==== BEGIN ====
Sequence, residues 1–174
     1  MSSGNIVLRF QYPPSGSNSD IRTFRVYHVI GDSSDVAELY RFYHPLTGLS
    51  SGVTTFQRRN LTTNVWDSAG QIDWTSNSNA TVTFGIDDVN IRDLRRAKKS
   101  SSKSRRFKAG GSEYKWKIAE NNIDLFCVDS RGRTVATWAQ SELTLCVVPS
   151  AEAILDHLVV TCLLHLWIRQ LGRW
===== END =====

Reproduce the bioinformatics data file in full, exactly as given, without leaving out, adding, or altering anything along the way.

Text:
Sequence, residues 1–174
     1  MSSGNIVLRF QYPPSGSNSD IRTFRVYHVI GDSSDVAELY RFYHPLTGLS
    51  SGVTTFQRRN LTTNVWDSAG QIDWTSNSNA TVTFGIDDVN IRDLRRAKKS
   101  SSKSRRFKAG GSEYKWKIAE NNIDLFCVDS RGRTVATWAQ SELTLCVVPS
   151  AEAILDHLVV TCLLHLWIRQ LGRW